2. Every cow should have a name. This principle was also established by Krsna. As Srila Prabhupada describes, "The cows, oh, as soon as they see Krsna, they become... They lick up His face and body, and every cow has got a different name. As soon as He will call, the cow will come immediately and dropping milk." (Lecture - New York, 5 Dec 1966) Unless every cow has a name, it will not be possible to be sure they are all cared for properly.

3. Records should be kept with the name, sex, date of birth of each cow. When a cow or calf dies, the cause of death and date of death should be recorded. Annual records should be provided to members each year.

4. Calf mortality should be less than 10%. In the absence of proper records, this can be determined retroactively by seeing how many cows have been milking in the last 2 3 years and determining how many of their calves are still alive.

5. Analyzed by sex, the herd should be approximately 50% cows, 50% bulls or oxen. If there are far more females than males, it is usually a sign of a discrepancy - either in the organization's incomplete understanding of cow protection, or in substandard protection for bull calves.

6. Any cow who has taken shelter on Krsna's land or in Krsna's temple should never be subsequently sold, traded, given away or killed. A cow protection program should not participate in grazing beef cows destined for slaughter on its land. No temple should practice "borrowing" a bull calf from a commercial dairy and then returning it after a ceremony (such as Govardhana Puja), since that means the animal will eventually be killed.

BREEDING AND AQUIRING COWS

7. No cow should be bred for milk production alone, without plans for the resulting calf. No cow should be bred unless there is a clear and concrete plan for the care of the calf for its entire life, which may be 10-20 years. This means there must be adequate land, adequate funding and adequate trained personnel to care for the resulting calf.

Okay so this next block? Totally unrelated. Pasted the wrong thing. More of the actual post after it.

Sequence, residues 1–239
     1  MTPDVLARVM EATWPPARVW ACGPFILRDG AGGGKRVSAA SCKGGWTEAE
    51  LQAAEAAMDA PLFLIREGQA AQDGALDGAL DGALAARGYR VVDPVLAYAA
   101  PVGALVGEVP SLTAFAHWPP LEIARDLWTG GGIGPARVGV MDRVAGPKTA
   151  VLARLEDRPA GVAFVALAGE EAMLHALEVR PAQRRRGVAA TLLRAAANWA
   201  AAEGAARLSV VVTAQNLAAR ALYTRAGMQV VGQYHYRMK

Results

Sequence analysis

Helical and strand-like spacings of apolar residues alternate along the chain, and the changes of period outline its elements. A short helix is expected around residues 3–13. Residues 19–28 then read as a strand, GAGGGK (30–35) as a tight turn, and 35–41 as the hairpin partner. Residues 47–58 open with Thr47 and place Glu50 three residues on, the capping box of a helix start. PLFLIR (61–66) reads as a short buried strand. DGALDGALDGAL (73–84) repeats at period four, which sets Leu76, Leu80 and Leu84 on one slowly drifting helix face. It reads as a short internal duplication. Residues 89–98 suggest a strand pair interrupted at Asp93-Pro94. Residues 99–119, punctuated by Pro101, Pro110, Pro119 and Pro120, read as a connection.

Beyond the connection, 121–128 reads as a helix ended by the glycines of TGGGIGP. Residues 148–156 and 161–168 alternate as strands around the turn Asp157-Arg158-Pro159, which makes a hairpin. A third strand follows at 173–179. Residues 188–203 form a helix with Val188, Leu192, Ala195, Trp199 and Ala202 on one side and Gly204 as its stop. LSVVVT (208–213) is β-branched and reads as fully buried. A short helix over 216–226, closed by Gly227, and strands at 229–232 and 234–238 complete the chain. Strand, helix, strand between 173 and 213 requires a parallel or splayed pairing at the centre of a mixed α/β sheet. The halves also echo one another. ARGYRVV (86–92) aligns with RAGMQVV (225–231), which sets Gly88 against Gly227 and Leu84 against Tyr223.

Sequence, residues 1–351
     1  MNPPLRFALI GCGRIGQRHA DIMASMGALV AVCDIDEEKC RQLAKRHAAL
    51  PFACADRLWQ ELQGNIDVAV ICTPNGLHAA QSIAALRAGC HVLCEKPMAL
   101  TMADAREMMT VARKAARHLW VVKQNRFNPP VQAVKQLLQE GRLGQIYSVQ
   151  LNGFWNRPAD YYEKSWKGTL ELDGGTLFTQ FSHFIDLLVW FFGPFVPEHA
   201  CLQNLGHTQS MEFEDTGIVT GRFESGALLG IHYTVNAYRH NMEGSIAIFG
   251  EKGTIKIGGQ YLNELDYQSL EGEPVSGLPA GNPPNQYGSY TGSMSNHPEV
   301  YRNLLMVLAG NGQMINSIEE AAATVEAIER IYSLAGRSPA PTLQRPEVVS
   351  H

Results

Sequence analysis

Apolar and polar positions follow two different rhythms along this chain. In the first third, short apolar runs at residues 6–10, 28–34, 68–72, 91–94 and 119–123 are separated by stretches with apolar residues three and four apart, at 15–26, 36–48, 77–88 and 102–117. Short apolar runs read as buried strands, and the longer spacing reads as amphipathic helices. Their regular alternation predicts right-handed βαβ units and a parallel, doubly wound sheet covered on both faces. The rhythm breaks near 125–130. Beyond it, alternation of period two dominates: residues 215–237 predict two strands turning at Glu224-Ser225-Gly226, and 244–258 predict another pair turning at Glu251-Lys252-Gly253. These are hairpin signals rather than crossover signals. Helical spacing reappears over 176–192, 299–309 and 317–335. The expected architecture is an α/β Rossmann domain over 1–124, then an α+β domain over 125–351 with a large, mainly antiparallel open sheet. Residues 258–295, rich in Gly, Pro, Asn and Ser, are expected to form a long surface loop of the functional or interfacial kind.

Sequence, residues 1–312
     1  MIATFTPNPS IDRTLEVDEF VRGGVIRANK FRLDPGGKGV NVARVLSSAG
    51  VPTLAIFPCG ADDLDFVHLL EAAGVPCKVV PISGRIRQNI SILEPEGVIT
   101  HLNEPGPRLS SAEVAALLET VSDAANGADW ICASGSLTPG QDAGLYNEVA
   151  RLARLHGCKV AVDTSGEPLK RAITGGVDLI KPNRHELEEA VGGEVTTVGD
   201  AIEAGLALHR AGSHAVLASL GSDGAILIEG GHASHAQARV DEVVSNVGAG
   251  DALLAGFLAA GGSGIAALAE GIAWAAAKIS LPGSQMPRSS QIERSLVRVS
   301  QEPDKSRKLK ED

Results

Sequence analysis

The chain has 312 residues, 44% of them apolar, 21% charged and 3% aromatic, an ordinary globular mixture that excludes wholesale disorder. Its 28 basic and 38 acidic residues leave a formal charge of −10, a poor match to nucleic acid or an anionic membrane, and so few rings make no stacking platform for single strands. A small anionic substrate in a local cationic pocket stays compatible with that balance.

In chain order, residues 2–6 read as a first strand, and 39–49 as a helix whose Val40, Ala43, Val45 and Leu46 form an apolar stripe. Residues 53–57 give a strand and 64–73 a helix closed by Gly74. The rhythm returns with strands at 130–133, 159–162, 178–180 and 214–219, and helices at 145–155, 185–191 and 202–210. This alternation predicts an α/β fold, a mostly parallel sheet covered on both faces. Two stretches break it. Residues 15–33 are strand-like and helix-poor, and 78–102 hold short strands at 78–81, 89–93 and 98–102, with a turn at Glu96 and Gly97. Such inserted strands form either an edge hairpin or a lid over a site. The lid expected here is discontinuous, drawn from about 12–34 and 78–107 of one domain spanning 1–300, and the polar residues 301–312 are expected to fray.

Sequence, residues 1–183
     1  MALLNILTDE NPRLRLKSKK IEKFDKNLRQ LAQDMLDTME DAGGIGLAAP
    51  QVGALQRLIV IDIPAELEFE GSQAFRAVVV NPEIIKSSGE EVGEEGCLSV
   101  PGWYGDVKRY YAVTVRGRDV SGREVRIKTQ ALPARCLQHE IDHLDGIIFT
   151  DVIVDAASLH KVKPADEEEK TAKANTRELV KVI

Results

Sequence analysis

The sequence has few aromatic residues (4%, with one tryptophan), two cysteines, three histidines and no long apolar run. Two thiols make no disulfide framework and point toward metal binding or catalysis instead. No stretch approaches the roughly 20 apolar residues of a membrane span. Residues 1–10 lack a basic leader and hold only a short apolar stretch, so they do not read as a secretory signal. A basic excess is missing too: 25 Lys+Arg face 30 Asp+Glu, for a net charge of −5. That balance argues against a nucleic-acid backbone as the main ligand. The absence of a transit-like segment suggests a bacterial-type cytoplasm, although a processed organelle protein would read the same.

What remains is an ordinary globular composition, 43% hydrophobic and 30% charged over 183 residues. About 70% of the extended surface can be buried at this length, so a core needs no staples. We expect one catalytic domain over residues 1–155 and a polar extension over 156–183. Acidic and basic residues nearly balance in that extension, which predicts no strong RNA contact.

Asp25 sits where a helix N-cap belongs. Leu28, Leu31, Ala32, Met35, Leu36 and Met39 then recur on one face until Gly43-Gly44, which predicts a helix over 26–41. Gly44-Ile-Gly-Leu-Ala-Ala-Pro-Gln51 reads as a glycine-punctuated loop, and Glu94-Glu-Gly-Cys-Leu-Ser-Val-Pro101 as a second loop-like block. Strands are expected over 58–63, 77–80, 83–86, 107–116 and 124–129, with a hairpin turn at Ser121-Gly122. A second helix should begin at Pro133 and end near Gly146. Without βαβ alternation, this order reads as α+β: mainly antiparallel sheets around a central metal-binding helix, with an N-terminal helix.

8. Cows should not be acquired based on sentiment alone. A goshalla should not allow itself to be exploited by those who "donate" animals with mixed motives. Teijas dasa recounted that Srila Prabhupada did not want devotees to accept cows just because someone wanted to give them away, "Prabhupada told us not to take any more donations of cows unless the person gave a donation of 5,000 rupees to cover the maintenance of the cow. He said, 'Our business is not to take old cows.' You know, they have a good sentiment plus an ulterior motive mixed together. Sentiment plus some motive. So it doesn't come out to be the varnasrama system." (ISKCON Farm Newsletter Vol. 2, No. 1, 1983) A responsible goshalla should not accept more animals than it can care for, simply out of sentiment.

9. Milking should be a pleasurable experience for the cow. "The milk bag was so fatty and full with milk. Why? Muda - they were so happy. They were so happy. So if you keep the cows happy, then cow will supply large quantity of milk. " (Lecture SB 1.10.4, London 25 Nov 1973) No painful or unhealthy method should be used to stimulate milk production.